I think if there was that variation and my 70s and 80s childhood for the kids of the 60s then The Beatles may not have been so popular. In my view they were the boy band of the age, like McFly, Busted, The Vamps etc. I respect these so called boy bands who can actually play and respect The Beatles musical ability but the songs were mostly very simple and not really what you would expect from 20-something guys. Surely they would want to do more than "hold your hand"!
Anyway, I respected John Lennon and George Harrison's solo work. I do think there were better songwriters around in the 60s than John and Paul. Eric Burdon of The Animals, Ray Davies of The Kinks and of course the brilliant Simon and Garfunkel. So The Beatles appeal bewilders me. This article is to show that The Beatles were not the only Liverpool artist to make a mark on music or remotely the most interesting! Let's look at a handful of Liverpool born artists.
Frankie Vaughan was a singer of traditional songs and probably be listed as a "crooner". He released over 80 singles in his lifetime and in every decade from the 50s to the 80s and over 20 albums. He was called "Mr Moonlight" after one of his most popular hits. Not bad for a young Jewish lad from Merseyside named Frank Ableson!
Billy Fury, born Ronald Wycherley was a Rock and Roll singer who released 5 albums and over 40 singles in the 60s. His supposedly "swivel hips" suggestive stage routine gave him the mantle of England's Elvis Presley. My mother used to love this guy and I remember his records well. He was a major international star and equalled The Beatles' 24 hits in the 60's and was also a film star appearing in "That'll Be The Day".
I've included Elvis Costello in the 70s as it was the late end of the decade that he (along with his band The Attractions) took music by the scruff of it's neck. Born Declan Patrick MacManus, he was voted 80th in the 100 greatest music artists of all time by Rolling Stone magazine in 2004. Able to play guitar, bass, keyboards and drums and also a music producer and prolific writer, Elvis is still making records today. He has performed under different guises and also with different genres, he has adapted through the years to gain a more eclectic fan base. He has released 30 albums and over 60 singles spanning the decades since his debut in 1977.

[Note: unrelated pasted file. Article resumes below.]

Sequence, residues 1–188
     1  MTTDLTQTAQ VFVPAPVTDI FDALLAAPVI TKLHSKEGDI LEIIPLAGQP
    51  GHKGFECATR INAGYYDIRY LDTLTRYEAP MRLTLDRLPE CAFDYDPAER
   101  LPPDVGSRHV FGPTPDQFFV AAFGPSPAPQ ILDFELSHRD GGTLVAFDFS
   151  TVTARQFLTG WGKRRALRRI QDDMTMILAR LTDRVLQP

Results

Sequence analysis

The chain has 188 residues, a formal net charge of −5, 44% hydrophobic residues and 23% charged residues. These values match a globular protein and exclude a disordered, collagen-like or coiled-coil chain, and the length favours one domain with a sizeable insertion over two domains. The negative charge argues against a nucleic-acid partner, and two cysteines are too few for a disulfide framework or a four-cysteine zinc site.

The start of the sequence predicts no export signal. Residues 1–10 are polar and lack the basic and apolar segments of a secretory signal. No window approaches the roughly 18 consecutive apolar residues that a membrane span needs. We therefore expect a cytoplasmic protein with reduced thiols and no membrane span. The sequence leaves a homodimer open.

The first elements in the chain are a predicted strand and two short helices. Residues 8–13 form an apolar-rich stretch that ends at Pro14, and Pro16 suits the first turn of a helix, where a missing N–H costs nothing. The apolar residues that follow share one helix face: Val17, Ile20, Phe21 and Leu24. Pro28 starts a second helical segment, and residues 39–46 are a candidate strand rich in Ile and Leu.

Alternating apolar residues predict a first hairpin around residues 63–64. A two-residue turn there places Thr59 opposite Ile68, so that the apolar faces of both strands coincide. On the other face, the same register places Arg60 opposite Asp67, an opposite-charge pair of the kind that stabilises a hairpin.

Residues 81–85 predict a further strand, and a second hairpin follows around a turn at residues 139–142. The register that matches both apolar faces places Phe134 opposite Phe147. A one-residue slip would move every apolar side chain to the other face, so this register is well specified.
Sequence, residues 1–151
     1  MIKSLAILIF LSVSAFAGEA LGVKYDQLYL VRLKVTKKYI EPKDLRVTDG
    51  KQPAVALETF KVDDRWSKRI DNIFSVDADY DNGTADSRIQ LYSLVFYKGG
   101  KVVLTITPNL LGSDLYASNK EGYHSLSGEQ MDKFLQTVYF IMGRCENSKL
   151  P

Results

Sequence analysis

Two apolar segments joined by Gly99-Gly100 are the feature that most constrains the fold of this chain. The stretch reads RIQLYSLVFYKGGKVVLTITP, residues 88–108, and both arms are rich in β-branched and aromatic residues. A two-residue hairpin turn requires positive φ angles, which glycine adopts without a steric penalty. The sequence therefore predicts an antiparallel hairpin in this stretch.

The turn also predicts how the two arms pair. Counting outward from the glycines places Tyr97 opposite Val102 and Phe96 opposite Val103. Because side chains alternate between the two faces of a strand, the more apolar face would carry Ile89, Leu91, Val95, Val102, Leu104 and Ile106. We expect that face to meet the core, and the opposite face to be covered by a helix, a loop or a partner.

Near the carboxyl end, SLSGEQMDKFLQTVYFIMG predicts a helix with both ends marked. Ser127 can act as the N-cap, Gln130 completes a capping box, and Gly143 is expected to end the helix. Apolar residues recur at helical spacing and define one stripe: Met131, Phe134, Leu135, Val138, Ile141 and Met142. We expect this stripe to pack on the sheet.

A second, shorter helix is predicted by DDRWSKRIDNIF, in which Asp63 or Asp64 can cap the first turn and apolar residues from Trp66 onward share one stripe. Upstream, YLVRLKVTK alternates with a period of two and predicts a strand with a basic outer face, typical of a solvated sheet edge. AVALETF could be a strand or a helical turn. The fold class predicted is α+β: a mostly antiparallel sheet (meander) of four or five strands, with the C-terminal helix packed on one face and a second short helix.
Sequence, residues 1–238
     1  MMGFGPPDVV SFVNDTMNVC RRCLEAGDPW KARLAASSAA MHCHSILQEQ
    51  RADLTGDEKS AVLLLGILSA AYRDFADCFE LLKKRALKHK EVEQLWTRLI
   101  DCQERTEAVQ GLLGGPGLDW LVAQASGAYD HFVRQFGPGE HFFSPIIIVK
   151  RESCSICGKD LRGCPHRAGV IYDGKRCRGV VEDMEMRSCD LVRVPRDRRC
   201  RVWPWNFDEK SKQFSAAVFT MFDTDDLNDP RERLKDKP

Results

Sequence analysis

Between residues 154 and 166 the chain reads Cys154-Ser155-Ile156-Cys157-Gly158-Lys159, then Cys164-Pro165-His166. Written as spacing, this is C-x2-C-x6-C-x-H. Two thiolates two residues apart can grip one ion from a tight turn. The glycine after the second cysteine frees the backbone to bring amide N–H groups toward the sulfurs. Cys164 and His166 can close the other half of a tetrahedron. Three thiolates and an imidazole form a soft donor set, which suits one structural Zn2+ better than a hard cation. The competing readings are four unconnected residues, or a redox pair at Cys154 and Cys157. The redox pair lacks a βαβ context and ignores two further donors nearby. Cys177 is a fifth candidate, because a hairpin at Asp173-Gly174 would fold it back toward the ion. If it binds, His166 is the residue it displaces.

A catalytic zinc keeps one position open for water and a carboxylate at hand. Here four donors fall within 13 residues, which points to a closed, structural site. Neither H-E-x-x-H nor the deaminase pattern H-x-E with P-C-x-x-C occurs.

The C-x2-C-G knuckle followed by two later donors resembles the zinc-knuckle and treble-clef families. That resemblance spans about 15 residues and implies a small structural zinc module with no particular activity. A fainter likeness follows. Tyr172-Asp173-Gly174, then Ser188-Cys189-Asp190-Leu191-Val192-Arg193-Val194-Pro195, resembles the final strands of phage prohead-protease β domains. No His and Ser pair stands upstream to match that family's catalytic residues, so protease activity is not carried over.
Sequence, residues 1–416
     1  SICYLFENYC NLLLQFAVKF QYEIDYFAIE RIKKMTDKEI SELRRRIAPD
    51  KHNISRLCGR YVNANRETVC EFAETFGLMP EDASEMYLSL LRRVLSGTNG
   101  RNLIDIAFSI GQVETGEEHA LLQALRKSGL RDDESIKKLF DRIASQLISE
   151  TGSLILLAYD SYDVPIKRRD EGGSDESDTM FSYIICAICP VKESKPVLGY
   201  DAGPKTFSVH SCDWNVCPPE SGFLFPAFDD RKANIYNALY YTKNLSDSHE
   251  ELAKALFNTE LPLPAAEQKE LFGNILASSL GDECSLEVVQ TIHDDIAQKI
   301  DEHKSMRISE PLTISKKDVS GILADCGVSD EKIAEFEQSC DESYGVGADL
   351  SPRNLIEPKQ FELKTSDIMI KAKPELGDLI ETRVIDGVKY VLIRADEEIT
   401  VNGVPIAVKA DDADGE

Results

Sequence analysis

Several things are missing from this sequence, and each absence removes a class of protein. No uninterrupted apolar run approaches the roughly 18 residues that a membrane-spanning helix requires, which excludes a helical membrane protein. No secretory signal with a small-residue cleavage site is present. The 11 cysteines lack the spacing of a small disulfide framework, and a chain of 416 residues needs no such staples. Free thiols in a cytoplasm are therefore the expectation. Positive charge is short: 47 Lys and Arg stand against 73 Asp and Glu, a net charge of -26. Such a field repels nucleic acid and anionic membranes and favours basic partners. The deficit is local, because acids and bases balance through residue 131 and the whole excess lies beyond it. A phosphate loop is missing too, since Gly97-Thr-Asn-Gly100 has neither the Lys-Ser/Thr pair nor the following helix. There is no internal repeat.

My era and most of the bands I remember having an influence on my musical tastes in the future. Most notable as hinted on earlier were Frankie Goes To Hollywood, often overhyped, amidst claims they couldn't play and they were too outrageous. Holly Johnson, Paul Rutherford (two openly gay singers) and The Lads (3 typical Scouse lads), add the production skills of Trevor Horn (The Buggles) and the journalistic propaganda of Paul Morley this was a marriage made in heaven. Only 7 singles and two albums but the legacy was left. Shirts bearing slogans, 3 number one singles in 3 releases, blatantly provocative videos, and then it was over. Holly left and the band disbanded. Holly continued to record and had a successful album with "Blast" in 1989. The band COULD play by the way, as I saw at the G-Mex in Manchester (supported by Berlin).
One of the bands that caught my ears in the 2000s were The Coral, who are still playing today, with their brand of Indie Rock/Psychedelic folk sound they remind me of what The La's could have become if they had carried on.